> I'm thinking mainly of ARM, MIPS portable machines here by the way - x86 of
> course for 68000 is done and dusted since Pentium 2s.
68K on a slow MIPS would suck. On ARM, it probably would, too, but I don't know how much because I don't know much about ARM's subtleties off the top of my head.
X86 is nice because of the almost 1:1 flag mapping. What about ARM? ARM can automatically shift operands and supports conditional execution -- would that help in flag calculation and/or on-the-fly instruction decoding?
I don't think anyone's even tried writing a hand-tuned 68K interpreter for ARM in assembly.
> like this:
> struct Opcode
> void (*execute)(int currentPc); // Handler for executing the opcode, either
> the flags version or not
> char ra,rb; // Registers to use
> And then you allocate a new one for each unique opcode (e.g. move d0,d2 gets a
> new Opcode structure, but following move d0,d2 opcodes point to the previous
Wouldn't that imply that you'd have to translate an instruction sequence into an array of pointers to Opcode structs? The idea you have, if I understand correctly, is that a lot of the same opcode structs would be used.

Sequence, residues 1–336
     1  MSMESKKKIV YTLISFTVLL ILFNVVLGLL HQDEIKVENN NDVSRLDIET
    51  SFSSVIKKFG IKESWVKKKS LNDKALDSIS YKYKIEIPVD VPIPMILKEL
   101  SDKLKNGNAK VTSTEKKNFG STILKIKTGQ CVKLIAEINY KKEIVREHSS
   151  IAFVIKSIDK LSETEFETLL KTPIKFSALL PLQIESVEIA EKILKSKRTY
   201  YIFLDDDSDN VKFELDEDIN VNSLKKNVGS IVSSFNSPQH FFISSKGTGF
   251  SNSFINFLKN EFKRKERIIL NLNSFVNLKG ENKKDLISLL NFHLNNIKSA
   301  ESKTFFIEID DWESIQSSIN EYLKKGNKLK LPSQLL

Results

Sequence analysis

But this adds a level of indirection and might even increase memory usage (because, realistically, how often is the same instance of a single instruction used?)
> By the way... was there a name for this thing? It seems halfway between an
> interpreting emulator and a recompiler...
I think the term "threaded interpreter" still applies here. Or "pre-decoded interpreter", if you want -- that sounds descriptive.
>Generator calls it a Dynarec, but it
> doesn't quite seem to me that it is because it doesn't emit real code, only IL
It could generate real code to do the CALLs and parameter pushing if it wanted to.